In today’s tough SW Florida housing market, some sellers are looking to cut costs by selling their property without using a real estate agent.
But FSBO sellers should be prepared to do a lot of legwork to manage the sales process, with no guarantee of a final sale.
1. Do I know the value of my home in today’s market?
A common mistake FSBO seller’s make is to price their home too high. As a result, the property languishes on the market.
“When a home sits for a long while, buyers start to wonder what is wrong with it.”The best option is to come out of the gate priced right.”
To market a home competitively, sellers should research the final sales price of similar properties in their community.
Updated sales information is available to agents through proprietary reports, but individual owners can also dig up sales data from public sources.
“It takes a lot of work to look at this data and figure how to price your home, but it’s important in order to come up with the right value.
Buyers eventually have to pay for their own appraisals. But homeowners who buy an appraisal before putting their home on the market can eliminate the risk of a pricing surprise when a buyer applies for a home loan.
Even if sellers think they’ve arrived at fair home values, potential buyers may still try to negotiate prices downward.
2. Am I ready to work with a buyer’s agent?
In a typical real estate transaction, the listing agent represents the seller. But the buyer may choose an agent to represent his or her interests in a for sale by owner transaction.
When a real estate deal is made, the seller usually pays both agents involved a commission based on the sale price of the house. That commission is negotiable, but it has traditionally been about 6 percent of the purchase price. The buyer’s agent and seller’s agent generally split the commission in half.
As a FSBO seller, you may decide not to use a listing agent, but you can’t control whether or not a potential buyer wants to use a buyer’s agent.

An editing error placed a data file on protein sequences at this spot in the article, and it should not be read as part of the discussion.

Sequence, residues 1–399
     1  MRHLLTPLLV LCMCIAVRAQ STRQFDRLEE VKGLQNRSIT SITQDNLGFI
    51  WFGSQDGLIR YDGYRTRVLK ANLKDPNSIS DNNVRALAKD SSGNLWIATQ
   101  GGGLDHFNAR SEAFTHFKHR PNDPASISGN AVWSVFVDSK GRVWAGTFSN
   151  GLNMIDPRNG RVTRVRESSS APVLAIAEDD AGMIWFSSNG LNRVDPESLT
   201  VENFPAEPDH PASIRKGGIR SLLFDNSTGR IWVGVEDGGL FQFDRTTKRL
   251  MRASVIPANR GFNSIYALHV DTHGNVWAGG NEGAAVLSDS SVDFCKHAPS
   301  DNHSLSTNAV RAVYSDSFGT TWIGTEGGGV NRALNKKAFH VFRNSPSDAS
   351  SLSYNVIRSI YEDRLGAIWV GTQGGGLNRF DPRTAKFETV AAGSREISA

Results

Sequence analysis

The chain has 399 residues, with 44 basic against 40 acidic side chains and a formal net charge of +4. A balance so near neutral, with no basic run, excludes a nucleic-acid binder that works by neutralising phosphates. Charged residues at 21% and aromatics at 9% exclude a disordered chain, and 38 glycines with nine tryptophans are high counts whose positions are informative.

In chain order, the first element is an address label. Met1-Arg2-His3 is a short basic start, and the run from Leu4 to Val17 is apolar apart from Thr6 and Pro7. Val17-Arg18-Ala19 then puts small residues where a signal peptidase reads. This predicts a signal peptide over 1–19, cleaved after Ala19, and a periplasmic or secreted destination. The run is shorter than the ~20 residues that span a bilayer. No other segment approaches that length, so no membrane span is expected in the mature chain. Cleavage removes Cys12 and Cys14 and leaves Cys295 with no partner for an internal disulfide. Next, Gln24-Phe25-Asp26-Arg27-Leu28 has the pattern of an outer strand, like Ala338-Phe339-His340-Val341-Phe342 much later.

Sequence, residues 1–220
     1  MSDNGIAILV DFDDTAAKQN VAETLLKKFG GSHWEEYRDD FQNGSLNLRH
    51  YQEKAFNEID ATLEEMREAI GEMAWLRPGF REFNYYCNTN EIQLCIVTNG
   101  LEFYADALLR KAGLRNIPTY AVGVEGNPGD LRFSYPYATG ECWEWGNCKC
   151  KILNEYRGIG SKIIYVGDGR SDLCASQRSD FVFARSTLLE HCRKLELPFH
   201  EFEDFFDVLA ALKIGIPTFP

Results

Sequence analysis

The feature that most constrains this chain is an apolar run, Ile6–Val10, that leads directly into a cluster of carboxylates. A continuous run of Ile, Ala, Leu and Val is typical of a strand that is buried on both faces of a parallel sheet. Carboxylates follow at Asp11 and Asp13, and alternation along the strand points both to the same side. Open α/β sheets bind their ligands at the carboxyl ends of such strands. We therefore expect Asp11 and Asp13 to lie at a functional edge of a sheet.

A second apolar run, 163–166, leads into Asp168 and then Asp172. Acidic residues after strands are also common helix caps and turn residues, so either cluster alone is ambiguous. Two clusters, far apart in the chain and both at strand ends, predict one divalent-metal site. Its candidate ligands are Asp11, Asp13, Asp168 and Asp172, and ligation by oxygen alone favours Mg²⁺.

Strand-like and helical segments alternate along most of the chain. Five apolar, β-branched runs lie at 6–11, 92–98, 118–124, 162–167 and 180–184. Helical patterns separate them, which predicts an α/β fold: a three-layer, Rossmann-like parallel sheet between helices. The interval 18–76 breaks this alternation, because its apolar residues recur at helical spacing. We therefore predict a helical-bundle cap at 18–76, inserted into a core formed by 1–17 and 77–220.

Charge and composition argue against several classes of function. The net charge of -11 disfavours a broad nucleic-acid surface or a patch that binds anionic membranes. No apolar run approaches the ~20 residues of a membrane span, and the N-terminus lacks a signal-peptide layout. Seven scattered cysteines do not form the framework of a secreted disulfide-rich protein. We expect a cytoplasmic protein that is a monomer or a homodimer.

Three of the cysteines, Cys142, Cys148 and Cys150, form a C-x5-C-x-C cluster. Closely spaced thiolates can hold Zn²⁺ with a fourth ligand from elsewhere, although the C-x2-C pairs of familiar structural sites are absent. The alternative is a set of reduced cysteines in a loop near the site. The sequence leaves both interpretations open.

If the buyer does use an agent, homeowners should consider offering that agent the typical commission, which would be about 3 percent of the sales price.
3. Will I take charge of sales and marketing responsibilities?
Some FSBO sellers underestimate the amount of effort it takes to market their home.
Sellers should be prepared to keep the home clean, clutter-free and “show ready” at all times.
Prepare the look of your home, both inside and out.
Other steps sellers should take include:
- Take good photos of their property and write effective sales descriptions.
- Buy and install a “for sale” yard sign with promotional fliers that include contact information.
- List the property in multiple classified ads and real estate Web sites.
Placing the home in the Multiple Listing Service, or MLS, is another important way to market the home. The MLS is a database of homes for sale offered by brokers.
FSBO sellers can’t submit to an MLS.
In addition to marketing their own property, FSBO sellers often need to find and hire people to help them complete the sales process. These professionals include real estate attorneys (to review contracts and offer advice), appraisers and contractors (to make any necessary home repairs).
4. Can I bear criticism of my home?
The emotional aspect of selling a home is often overlooked, but it’s an important part of the selling process. Owners will probably hear a lot about their home’s shortcomings from buyers trying to negotiate a lower sales price. Or worse, they may not receive any interest in their home, especially if the price is too high.
5. Am I willing to screen potential buyers?
It may seem pushy, but FSBO sellers must be willing to screen their own buyers.
You don’t want to take your house off the market to negotiate with someone who was never qualified for the home in the first place or has the cash funds.
Before you sign a contract with a buyer, make sure the purchaser will be able to come up with the necessary funds by asking for the proper paperwork and documents.
A lot of legal paperwork is involved in a home sale, and it needs to be completed correctly by an expert. One of the most important items is the seller’s disclosures. A seller of real estate has an affirmative duty to disclose any fact that materially affects the value or desirability of the property. The seller can be held liable for fraud, negligence or breach of contract if he/she does not disclose properly. The issue of whether a fact is material or not is generally established in the case law of the state in Florida.
Unless you’re a real-estate attorney, your agent probably knows more about disclosure laws than you do. If you fail to disclose a hazard, nuisance or defect and the buyer comes back to you after they’ve moved in and found a problem, they could sue you. Agents can make mistakes, too, but they have professional errors-and-omissions insurance to protect themselves and to give the buyer recourse so the buyer may not need to pursue the seller for damages.